Horticulture Magazine

How To Build A Sunken Trampoline In Your Garden

mother and daughter bouncing on a trampoline

Do you want to give your kids the means to launch themselves high into the air with vigour, but you feel put off by the eyesore of a traditional trampoline?

Do you want to give your kids the means to launch themselves high into the air with vigour, but you feel put off by the eyesore of a traditional trampoline?

If so, you need to learn how to sink a trampoline into the ground.

Building a sunken trampoline in your garden has tons of benefits. It’s fun, it takes up less space, and, most importantly, it’s cheaper and easier than people think.

Why build a sunken trampoline?

Have you ever been to an indoor trampoline park? You’ll see that the space is purpose-built, with trampolines installed flush to the ground. Something like the below:

acrobat jumping on a sunken trampoline
Sunken trampoline, built for purpose

This is no accident. Sinking a trampoline affords tons of benefits and very few drawbacks. In fact, the only reason they’re usually raised in gardens is that the initial setup is more straightforward.

But if you want a trampoline to be a long-term fixture in your garden, sinking it into the ground is a great shout. Here’s why:

Firstly, a sunken trampoline is less conspicuous than its raised brethren. It takes up less vertical space in your garden and makes the overall aesthetic more elegant. 

There’s no need for a safety net, either, as the chance of falling off (or out) of the trampoline is lower.

a normal trampoline with safety walls in the corner of a garden
Fun, but not much to look at

For most people, the main appeal of a sunken trampoline is improved safety. Falling from a raised trampoline can cause serious injuries: Sprains, broken bones, and all sorts. If you fall from a sunken one, though, there’s less distance to the ground and less likelihood of getting a nasty bump.

Creating an in-ground trampoline is cheaper than people expect. Some budget bloggers have achieved their entire in-ground trampoline project for $300. At the time of writing that’s about £230!

If you’re converted, then read on. We’ve written a simple guide for building a sunken trampoline in your garden.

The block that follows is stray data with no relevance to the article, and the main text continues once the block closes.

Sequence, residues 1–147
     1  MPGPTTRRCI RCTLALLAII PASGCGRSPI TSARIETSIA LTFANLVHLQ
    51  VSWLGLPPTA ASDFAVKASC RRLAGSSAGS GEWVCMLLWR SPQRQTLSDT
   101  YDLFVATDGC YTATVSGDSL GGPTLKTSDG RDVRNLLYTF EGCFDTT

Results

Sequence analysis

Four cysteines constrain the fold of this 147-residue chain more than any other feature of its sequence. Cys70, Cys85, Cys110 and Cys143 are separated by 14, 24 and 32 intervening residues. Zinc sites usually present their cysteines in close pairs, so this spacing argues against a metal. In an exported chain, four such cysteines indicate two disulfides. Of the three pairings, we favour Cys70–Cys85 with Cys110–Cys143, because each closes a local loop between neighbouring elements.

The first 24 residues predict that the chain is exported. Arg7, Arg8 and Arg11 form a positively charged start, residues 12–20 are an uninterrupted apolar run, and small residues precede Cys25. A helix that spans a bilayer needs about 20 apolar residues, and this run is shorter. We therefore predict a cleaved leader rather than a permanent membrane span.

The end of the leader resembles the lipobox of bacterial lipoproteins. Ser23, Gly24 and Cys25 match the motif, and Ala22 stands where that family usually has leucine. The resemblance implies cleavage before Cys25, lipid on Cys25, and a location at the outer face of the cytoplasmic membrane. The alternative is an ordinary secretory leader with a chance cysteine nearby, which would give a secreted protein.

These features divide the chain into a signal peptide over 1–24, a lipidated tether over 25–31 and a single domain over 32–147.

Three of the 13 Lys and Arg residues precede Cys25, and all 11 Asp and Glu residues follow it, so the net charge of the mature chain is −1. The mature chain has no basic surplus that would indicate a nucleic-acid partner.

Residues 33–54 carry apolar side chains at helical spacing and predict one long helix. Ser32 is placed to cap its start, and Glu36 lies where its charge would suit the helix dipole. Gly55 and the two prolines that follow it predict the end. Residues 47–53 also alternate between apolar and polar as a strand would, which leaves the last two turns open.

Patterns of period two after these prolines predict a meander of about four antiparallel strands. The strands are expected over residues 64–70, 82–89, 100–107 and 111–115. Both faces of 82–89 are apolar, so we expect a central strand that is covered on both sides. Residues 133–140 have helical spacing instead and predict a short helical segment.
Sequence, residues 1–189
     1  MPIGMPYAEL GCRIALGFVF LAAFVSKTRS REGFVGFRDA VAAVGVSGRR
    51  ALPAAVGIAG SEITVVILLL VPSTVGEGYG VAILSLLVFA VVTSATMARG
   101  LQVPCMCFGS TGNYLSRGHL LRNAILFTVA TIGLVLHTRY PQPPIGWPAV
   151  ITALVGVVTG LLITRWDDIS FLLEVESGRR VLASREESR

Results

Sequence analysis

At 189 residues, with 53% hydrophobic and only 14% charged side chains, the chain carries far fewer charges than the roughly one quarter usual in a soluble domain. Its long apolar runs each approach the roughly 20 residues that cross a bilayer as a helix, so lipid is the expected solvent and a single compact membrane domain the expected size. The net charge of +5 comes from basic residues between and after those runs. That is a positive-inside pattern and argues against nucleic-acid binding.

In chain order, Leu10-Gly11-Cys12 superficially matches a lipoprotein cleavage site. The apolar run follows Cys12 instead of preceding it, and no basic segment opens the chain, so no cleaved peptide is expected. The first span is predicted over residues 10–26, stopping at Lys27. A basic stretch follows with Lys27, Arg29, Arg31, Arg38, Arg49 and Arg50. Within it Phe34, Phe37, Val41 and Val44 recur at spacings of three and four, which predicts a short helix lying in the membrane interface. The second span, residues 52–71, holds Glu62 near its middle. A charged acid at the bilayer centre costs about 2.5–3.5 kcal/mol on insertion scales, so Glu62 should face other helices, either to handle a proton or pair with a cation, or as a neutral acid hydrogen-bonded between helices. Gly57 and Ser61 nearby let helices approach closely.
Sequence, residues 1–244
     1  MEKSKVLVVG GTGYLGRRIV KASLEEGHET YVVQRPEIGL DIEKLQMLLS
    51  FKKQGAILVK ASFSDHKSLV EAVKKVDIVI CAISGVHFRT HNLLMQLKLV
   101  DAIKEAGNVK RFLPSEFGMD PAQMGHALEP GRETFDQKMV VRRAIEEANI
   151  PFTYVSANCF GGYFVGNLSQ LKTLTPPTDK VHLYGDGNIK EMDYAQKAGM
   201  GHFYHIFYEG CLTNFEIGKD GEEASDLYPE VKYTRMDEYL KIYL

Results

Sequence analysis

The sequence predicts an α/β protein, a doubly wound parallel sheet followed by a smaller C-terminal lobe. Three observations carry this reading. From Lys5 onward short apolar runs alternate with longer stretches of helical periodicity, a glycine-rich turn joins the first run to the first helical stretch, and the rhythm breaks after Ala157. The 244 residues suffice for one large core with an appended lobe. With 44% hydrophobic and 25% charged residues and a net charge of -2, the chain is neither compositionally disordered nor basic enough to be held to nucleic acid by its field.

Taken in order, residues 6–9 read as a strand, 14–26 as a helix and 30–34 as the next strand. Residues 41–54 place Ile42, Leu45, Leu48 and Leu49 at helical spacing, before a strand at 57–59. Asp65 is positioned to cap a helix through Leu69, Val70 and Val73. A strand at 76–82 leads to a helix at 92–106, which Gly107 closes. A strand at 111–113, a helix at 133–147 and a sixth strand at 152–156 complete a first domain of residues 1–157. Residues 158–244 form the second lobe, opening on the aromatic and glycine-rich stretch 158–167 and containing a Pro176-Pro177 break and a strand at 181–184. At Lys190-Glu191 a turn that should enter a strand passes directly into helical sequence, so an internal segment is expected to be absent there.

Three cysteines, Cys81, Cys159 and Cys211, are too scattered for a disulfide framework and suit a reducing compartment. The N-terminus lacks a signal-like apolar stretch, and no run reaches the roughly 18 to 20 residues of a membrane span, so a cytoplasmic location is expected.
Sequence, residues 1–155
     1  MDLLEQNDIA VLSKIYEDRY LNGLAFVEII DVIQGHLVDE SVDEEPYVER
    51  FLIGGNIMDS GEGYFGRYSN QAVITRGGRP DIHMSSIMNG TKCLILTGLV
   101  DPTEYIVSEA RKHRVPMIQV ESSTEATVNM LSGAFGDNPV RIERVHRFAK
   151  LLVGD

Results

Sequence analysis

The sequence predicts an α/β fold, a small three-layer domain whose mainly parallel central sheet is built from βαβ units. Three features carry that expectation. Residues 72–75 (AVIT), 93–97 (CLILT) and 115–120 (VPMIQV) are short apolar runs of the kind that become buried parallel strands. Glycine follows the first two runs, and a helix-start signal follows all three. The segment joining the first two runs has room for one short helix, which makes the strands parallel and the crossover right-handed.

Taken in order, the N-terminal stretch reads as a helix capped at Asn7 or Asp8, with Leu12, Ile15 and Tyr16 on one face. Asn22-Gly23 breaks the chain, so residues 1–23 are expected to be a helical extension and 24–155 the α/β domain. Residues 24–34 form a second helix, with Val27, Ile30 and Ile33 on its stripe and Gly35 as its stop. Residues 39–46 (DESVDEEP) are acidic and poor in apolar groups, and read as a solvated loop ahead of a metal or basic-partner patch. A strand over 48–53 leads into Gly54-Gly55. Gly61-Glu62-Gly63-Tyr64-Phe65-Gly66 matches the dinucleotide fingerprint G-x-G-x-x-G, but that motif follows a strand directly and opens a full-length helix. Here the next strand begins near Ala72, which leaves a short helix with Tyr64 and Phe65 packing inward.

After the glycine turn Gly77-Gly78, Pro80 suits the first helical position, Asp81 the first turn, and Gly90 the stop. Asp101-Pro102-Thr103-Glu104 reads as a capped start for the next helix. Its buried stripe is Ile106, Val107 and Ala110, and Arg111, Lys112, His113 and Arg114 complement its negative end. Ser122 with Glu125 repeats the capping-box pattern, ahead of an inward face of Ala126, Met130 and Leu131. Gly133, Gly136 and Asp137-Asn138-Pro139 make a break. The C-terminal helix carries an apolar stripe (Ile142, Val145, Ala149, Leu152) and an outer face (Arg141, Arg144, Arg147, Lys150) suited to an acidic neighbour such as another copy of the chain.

You’ll be pleased to know that no special trampoline is required: Just a regular one and a few steps to make it sit safely in the ground.

Building a sunken trampoline: Step-by-step guide

It is easy, but there’s more to a sunken trampoline than just digging a hole and plopping it right on inside. You’ve got to make sure everything fits correctly, and that things are held in place to make bouncing as safe and fun as possible.

1. Check a few things

Before you do anything, make sure you’ve got permission to dig a large hole in your garden. Call the council to see whether there are pipes below the surface, so you don’t accidentally interrupt the water supply to your home.

Also, decide on the size of the trampoline you’re going to get. This information is required for all future steps.

2. Mark out the area of the trampoline pit

There’s a little preparation to do before you start digging.

Mark out the area with spray paint or chalk. If you measure a length of string equal to the radius of the circle and tie this to a stake at the centre of where you want the trampoline to be, you can easily mark a perfect circle. 

The circumference of the hole should be a few inches larger than that of the trampoline.

3. Dig a hole

This is what your trampoline will sit in.

You have two options here: Dig the hole yourself, or hire a professional to do it.

The trade-off is between price and ease. Hiring a professional will cost more (make sure you get an estimate before they start working), but they will have the experience and equipment to dig a hole quickly. If you dig it yourself, you may be surprised at the amount of manual labour involved.

Make sure to keep the soil you dig up for the time being. This can be used later to fill the hole if it turns out to be too big, and also for shoring up some soil against the trampoline frame to secure it in place.

young boy digging garden soil
If you dig the hole yourself, recruit family and friends to help

When digging the hole, you have to think about letting air escape. Landing on a trampoline forces the air out from underneath, creating a softer landing. Plonking a trampoline in a tightly dug hole without factoring this in can make landings hard and unpleasant.

There are two options here, too. Firstly, you can use pipes to create ventilation shafts out of your hole. Secondly, you can dig a hole slightly less deep than the height of the trampoline, leaving a few inches for air to escape from.